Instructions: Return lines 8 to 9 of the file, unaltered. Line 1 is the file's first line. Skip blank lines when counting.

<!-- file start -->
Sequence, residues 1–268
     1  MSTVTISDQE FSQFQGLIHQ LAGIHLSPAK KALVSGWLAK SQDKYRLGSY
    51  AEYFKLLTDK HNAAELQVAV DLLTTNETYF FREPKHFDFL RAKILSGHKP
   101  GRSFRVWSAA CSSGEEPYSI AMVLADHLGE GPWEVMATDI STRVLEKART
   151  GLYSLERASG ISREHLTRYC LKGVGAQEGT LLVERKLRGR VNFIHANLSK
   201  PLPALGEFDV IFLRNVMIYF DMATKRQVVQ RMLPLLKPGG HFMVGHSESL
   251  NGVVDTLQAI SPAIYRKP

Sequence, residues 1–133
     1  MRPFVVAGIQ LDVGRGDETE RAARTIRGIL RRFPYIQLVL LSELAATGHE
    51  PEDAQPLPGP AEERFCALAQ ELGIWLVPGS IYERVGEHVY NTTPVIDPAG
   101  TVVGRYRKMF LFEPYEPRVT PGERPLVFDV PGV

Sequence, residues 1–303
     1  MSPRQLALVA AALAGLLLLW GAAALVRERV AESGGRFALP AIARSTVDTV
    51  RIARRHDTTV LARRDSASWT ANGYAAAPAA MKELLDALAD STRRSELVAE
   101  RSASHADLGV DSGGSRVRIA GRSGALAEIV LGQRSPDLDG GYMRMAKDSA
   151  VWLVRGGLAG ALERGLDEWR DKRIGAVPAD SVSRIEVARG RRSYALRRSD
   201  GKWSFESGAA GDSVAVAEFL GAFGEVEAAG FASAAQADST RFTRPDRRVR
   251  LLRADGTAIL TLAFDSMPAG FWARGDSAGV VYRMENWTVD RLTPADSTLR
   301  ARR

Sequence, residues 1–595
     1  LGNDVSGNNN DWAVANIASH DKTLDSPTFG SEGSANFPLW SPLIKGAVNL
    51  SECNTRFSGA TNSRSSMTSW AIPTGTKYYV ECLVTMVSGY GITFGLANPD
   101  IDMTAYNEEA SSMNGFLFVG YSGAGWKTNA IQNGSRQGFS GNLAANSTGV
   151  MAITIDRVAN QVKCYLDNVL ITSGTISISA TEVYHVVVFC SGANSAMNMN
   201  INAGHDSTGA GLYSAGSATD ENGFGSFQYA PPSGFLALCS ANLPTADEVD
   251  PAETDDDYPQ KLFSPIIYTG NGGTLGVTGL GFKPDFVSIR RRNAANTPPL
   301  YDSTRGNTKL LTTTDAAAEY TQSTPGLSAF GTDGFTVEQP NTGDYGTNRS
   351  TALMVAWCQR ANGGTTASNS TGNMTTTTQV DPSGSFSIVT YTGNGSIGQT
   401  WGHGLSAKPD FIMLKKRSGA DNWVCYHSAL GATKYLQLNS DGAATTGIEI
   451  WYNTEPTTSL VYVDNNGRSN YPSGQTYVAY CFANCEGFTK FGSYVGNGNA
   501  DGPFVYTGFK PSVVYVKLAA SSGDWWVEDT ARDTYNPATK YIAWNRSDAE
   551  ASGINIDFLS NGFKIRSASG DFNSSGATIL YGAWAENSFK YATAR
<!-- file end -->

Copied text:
Sequence, residues 1–133
     1  MRPFVVAGIQ LDVGRGDETE RAARTIRGIL RRFPYIQLVL LSELAATGHE